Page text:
A review article published on June 11, 2018 in the peer-reviewed journal Environmental Research, focused on the links between autism spectrum disorder (ASD) and exposure to toxic metals (especially lead, mercury, aluminum) or metalloids (in particular, arsenic).
Having reviewed the existing evidence, the team of international researchers led by Geir Bjørklund from the Council for Nutritional and Environmental Medicine, Mo i Rana, Norway, concludes that “a possible association exists between ASD and exposure to toxic metals.” These toxic agents may contribute to ASD etiology in particular through induction of neuroinflammation and oxidative stress.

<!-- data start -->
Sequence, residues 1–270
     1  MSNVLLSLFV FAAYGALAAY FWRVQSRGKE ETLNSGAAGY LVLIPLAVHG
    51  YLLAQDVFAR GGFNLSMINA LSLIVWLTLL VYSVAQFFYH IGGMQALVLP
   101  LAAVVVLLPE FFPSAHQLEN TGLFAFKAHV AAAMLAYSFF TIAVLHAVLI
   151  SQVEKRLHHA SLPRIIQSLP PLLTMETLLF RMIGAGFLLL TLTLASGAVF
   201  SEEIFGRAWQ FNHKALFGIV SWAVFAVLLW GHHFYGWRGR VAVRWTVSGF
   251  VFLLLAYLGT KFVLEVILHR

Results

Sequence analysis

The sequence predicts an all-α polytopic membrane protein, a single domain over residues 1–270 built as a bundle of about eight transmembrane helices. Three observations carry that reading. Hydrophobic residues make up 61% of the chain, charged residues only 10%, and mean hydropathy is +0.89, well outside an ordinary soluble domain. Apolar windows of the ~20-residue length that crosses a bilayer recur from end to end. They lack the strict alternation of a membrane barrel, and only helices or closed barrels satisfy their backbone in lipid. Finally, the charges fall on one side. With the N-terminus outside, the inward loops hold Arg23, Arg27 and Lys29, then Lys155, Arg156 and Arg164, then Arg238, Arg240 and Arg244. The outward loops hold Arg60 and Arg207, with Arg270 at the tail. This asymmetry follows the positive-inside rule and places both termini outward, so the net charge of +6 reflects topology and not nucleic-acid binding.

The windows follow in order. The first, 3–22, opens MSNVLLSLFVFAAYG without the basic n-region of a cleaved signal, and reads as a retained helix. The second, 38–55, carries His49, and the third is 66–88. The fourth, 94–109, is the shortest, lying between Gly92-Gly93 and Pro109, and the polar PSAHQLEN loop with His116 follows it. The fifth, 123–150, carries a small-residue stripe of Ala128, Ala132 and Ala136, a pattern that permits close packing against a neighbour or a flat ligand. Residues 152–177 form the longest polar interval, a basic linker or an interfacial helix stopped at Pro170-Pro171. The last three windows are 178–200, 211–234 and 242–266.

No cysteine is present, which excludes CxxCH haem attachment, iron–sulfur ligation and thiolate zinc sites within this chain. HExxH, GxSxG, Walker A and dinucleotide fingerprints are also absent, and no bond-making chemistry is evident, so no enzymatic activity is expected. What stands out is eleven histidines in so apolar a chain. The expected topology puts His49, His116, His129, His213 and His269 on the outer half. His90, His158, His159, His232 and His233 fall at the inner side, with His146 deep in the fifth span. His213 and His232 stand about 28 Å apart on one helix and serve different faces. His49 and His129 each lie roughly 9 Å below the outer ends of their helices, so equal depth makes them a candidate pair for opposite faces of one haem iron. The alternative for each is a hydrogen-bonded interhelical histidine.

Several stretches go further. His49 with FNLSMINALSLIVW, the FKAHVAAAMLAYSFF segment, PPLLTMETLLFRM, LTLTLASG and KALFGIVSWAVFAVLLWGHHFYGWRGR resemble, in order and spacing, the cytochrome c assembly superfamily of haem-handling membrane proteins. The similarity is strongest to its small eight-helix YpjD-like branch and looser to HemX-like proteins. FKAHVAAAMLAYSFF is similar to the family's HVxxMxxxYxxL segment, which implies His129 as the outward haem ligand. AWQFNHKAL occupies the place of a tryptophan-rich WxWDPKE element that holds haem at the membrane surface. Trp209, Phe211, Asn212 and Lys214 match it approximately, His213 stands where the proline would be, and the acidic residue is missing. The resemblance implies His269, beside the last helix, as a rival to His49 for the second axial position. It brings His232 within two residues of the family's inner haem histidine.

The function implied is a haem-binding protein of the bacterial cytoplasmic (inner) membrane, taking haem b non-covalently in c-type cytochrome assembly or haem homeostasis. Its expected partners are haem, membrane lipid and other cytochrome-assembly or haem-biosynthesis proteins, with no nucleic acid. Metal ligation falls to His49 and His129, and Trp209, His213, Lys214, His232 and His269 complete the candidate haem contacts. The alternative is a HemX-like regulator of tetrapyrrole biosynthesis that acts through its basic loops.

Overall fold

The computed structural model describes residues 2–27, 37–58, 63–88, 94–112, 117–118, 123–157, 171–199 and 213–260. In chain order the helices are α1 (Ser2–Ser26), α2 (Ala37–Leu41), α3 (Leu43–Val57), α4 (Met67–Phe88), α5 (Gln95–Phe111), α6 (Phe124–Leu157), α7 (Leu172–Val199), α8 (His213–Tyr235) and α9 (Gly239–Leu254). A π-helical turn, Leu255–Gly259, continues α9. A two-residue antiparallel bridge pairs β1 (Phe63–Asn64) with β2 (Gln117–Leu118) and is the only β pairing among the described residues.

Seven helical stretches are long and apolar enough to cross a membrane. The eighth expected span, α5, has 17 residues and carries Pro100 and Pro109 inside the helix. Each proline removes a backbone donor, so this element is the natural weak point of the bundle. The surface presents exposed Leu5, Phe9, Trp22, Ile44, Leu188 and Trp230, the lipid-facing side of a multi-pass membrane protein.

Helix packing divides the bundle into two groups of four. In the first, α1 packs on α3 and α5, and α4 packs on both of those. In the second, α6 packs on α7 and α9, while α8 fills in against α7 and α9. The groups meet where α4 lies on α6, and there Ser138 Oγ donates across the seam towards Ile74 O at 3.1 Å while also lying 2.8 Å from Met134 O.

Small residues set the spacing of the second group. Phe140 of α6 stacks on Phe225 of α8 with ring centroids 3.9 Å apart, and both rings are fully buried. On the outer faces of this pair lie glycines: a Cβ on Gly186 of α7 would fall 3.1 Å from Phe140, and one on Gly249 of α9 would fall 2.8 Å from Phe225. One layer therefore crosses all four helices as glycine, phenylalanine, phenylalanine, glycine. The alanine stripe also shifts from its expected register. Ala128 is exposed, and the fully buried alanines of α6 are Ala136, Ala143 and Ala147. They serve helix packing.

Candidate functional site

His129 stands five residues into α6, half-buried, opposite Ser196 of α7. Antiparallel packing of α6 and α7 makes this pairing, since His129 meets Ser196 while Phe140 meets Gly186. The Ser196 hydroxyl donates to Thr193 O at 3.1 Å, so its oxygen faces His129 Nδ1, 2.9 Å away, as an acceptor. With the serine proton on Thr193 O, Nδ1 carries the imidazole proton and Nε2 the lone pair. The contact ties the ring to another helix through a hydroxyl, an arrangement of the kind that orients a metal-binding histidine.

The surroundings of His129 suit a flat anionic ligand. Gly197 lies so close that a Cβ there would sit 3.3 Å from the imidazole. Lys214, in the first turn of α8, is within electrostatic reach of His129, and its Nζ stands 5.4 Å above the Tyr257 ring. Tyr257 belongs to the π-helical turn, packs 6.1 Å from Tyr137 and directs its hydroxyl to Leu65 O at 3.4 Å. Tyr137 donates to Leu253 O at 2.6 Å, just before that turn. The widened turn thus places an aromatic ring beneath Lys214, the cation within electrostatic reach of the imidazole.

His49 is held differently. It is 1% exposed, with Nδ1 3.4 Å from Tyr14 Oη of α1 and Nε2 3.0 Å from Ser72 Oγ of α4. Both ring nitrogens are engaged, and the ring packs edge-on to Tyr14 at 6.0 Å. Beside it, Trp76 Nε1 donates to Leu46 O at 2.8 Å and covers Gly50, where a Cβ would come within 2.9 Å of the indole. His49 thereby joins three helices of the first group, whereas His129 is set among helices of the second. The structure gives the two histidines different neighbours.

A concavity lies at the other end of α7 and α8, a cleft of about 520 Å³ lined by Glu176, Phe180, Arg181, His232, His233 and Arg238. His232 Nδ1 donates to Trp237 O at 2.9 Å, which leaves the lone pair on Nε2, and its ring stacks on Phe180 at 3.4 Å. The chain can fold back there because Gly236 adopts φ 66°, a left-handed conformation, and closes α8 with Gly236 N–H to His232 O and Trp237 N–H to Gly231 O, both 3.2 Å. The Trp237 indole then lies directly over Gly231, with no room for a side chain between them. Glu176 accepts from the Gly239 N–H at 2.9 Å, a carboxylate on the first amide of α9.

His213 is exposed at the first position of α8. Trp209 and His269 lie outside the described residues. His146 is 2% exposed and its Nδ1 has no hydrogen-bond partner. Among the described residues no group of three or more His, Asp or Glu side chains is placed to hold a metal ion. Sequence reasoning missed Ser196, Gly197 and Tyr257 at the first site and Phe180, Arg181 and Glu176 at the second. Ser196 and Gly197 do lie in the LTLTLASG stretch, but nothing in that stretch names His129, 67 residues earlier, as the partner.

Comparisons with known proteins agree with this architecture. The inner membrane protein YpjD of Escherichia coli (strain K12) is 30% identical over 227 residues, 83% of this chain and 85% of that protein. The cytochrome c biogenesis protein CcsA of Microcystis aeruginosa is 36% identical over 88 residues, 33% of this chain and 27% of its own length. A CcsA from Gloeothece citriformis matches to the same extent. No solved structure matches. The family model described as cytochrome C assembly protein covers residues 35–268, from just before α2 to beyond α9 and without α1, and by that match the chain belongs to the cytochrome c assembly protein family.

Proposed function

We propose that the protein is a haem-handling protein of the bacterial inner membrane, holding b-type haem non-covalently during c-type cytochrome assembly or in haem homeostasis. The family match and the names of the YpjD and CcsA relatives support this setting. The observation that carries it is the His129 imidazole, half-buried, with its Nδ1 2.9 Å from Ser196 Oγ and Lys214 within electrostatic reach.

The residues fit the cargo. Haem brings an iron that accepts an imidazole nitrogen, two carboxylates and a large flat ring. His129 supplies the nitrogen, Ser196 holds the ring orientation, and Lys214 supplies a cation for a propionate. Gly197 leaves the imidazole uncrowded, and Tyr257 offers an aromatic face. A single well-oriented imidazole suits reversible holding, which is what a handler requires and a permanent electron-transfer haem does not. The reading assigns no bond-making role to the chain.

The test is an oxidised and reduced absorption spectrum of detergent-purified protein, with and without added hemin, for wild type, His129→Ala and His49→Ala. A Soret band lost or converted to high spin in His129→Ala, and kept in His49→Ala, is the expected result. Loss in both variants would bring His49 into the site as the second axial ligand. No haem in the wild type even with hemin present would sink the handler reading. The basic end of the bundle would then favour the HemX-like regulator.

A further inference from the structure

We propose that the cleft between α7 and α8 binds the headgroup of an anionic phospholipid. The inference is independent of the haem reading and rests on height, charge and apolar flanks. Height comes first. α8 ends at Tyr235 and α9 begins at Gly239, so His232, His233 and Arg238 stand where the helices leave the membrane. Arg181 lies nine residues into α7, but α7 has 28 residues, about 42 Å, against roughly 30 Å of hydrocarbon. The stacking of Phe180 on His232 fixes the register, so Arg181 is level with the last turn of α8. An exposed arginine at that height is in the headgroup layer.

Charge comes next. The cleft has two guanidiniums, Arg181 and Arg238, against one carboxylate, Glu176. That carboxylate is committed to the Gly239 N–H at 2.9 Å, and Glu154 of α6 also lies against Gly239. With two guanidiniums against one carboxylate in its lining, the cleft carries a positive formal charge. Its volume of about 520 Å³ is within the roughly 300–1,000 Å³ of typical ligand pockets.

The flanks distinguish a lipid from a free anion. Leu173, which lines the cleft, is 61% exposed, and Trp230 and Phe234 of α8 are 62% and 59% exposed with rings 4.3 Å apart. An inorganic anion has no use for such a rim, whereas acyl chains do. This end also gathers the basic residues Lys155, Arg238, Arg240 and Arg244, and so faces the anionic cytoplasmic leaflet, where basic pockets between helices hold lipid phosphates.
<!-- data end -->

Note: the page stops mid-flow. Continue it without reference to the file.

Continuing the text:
Currently, both an increase in autism cases (FPF reported) and a “worldwide increase in toxic environmental pollution” are observed. Therefore, the authors emphasize, detailed studies “on the role of pollutants in neurodevelopmental disorders, including direct effects on the developing brain,” are needed to better understand the potential associations and to define efficient preventive strategies.
ASD is a neurodevelopmental disorder characterized by deficits in social interaction and communication. Food contact materials represent but one of the many diverse sources contributing to exposure to toxic metals and metalloids.
Bjørklund, G., et al. (2018). “Toxic metal(loid)-based pollutants and their possible role in autism spectrum disorder.” Environmental Research 166: 234-250.